“And you’re shooting me not to kill me, but only to use the child to hurt me. And at the same time, I see my son coming out of that cannon, spitting out blood: how long am I going to stay watching my son come out of the cannon in silence?” he asks.
“Similarly, imagine there’s a car with a bomb attached to it, and your ex-wife and child in the car. Whenever you get close to it, it starts heating up and catching fire, and when you touch it, it explodes. As a targeted parent, would you touch the car? Or walk away?” he said.
Now, Anthony and other parents like him have teamed up with local experts to form Tibqax Vittma, a Voluntary Organisation aimed at battling parental alienation
“Tibqax Vittma is an umbrella foundation comprising of victim support groups of different kinds,” said Mary Gauci, a Court Expert in Social Care and an MEP candidate for the PL.
As someone who has spent decades involved with cases in the family court in Malta, Gauci is well-placed to see where people are taking advantage of Maltese laws – to the detriment of their family.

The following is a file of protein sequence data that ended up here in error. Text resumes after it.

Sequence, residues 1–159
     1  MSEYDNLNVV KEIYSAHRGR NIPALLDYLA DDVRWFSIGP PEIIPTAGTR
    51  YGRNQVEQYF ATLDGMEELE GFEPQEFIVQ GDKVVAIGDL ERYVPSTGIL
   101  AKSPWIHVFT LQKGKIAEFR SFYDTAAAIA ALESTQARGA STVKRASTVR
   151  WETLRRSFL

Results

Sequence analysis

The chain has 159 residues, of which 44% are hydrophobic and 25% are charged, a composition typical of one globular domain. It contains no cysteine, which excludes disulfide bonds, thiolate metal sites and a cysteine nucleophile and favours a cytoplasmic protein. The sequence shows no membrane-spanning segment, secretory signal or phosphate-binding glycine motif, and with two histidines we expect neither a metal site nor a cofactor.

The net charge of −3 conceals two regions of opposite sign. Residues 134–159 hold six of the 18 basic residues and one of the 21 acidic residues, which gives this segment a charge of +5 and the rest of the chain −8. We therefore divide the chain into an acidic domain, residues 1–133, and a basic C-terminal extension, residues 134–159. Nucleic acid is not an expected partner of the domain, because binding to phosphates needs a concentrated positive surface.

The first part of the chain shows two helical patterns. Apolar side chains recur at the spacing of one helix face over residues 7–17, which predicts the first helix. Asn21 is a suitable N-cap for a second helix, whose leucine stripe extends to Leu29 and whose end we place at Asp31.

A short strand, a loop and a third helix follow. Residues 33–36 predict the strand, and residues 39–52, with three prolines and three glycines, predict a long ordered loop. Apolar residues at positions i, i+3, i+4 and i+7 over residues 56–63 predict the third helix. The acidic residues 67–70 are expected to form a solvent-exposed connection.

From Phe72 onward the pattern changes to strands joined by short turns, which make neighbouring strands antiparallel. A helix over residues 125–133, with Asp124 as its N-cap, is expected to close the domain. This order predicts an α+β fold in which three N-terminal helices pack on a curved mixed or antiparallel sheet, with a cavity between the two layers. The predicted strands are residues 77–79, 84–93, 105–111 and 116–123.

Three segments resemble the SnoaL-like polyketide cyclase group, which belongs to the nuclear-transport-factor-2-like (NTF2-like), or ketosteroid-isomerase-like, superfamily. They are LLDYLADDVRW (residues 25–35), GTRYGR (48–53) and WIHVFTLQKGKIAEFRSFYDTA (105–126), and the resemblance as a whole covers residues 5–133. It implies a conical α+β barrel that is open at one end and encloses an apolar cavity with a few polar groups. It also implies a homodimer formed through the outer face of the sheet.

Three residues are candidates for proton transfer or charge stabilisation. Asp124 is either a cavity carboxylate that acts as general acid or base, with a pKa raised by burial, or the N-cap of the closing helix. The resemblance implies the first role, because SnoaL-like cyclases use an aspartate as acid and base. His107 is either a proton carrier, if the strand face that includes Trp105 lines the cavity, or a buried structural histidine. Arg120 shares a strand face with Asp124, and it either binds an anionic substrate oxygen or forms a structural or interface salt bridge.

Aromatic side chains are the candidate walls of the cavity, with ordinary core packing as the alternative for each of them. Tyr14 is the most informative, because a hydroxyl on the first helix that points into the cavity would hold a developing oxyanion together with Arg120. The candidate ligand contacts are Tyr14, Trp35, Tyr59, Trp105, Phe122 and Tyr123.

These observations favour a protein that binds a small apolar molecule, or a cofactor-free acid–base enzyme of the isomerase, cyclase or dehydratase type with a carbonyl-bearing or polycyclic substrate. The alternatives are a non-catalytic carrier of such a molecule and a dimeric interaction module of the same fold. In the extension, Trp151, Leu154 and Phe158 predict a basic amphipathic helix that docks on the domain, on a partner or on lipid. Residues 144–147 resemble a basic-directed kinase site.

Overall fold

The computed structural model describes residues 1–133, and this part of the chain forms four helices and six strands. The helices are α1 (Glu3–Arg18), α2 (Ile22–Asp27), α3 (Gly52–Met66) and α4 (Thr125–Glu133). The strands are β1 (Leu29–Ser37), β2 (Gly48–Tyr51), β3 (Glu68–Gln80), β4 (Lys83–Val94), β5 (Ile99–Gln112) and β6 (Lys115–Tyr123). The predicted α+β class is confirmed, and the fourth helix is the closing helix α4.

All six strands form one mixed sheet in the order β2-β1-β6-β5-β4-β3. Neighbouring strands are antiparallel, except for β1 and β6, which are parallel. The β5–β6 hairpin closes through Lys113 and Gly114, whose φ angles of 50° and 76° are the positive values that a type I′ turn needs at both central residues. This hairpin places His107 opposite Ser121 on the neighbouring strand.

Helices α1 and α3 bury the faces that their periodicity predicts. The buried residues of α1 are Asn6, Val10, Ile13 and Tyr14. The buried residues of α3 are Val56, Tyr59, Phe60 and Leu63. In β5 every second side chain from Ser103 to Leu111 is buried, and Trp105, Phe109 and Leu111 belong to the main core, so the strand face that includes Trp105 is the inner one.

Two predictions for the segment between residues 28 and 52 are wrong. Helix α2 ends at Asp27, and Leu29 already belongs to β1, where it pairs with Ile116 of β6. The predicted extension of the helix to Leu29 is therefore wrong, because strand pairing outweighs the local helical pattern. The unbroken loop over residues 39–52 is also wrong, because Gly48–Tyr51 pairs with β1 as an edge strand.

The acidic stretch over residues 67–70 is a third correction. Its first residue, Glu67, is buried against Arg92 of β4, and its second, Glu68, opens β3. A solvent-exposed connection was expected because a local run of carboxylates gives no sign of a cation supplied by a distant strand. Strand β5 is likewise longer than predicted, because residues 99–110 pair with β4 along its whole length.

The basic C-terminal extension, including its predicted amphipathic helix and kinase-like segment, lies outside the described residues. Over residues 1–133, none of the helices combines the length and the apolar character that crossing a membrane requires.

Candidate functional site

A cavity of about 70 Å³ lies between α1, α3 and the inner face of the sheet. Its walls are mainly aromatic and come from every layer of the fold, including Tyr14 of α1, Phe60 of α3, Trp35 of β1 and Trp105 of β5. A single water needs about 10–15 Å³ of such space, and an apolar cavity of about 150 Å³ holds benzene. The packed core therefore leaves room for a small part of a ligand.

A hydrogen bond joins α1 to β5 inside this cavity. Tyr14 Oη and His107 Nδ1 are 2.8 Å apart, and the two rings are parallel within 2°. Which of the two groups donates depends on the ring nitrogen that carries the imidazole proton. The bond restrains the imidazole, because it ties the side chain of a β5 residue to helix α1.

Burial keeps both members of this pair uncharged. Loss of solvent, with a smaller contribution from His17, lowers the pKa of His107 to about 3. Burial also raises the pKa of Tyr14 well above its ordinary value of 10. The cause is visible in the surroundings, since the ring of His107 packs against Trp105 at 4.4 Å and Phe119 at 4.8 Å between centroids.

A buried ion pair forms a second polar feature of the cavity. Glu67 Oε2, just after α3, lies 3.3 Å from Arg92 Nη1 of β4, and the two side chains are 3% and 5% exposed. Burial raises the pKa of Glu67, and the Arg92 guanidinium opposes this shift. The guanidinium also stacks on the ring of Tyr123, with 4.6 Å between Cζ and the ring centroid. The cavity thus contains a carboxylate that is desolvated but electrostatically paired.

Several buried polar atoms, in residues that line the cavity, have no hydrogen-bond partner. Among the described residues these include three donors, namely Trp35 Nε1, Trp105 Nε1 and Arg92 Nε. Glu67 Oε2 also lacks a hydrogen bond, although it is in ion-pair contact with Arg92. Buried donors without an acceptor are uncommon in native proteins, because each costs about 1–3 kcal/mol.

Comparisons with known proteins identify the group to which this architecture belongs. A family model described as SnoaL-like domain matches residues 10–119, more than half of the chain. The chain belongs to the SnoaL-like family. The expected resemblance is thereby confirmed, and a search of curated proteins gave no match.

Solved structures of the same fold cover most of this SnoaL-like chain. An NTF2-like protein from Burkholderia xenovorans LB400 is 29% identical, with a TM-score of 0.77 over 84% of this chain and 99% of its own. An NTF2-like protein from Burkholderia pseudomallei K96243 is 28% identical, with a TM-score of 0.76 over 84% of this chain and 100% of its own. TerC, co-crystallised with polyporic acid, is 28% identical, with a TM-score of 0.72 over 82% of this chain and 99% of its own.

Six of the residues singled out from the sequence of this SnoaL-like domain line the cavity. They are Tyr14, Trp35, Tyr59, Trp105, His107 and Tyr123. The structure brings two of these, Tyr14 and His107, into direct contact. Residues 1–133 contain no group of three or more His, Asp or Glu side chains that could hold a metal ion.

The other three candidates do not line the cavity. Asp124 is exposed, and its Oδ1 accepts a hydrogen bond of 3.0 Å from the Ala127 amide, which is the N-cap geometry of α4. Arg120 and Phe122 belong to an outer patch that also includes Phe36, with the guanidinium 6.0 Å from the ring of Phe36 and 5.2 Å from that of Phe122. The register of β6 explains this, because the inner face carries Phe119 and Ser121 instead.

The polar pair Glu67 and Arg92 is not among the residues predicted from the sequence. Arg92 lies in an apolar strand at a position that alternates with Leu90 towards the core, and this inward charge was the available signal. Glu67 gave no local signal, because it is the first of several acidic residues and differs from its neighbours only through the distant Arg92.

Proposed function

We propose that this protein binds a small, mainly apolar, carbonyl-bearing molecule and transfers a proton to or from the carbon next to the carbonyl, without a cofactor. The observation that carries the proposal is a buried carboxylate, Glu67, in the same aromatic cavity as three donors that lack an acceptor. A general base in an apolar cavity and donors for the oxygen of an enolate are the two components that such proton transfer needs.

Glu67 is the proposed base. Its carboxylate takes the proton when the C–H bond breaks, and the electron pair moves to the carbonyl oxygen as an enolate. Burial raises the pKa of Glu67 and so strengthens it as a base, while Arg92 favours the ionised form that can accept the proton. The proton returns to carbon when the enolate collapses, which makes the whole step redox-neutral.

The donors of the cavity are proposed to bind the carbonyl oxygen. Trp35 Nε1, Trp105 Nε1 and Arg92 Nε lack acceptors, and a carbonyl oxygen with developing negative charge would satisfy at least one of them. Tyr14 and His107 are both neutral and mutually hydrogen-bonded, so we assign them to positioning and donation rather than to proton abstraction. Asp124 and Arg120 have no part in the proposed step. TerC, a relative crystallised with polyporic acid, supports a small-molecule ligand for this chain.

“We started looking at parental alienation studies, and we soon realised that few people knew what it was locally, and that we needed support groups not just for the parents, but for children as well as for the grandparents,” the group said. “Parental alienation doesn’t just affect the parent – it leads to grandparent alienation, family alienation, the whole family gets cut off.”
And it’s not only Gauci that has noticed.
Other administrators of the group include Police Union Chief Sandro Camilleri and Emanuel Camilleri, a father who was famously falsely accused of raping his own children by his estranged partner and jailed for over a year, as well as men and women who are currently stuck in a vicious experience of parental alienation in 2019.
Pictured above: Mary Gauci, Tibqax Vittma founder, and Anthony Cauchi, a victim of parental alienation
“They implant hatred into the child to hate their own parent – that’s what parental alienation is all about”
While many countries recognise parental alienation abuse legally, Malta does not.
As such, the group is collaborating with the Dr Michael Falzon, the Family Minister, who is set to present a new Children’s Law within weeks.
“We also have a team of professionals voluntary – lawyers, psychologists, people versed in alienation – who are ready to push things and make things happen so the child has access to both parents,” they said.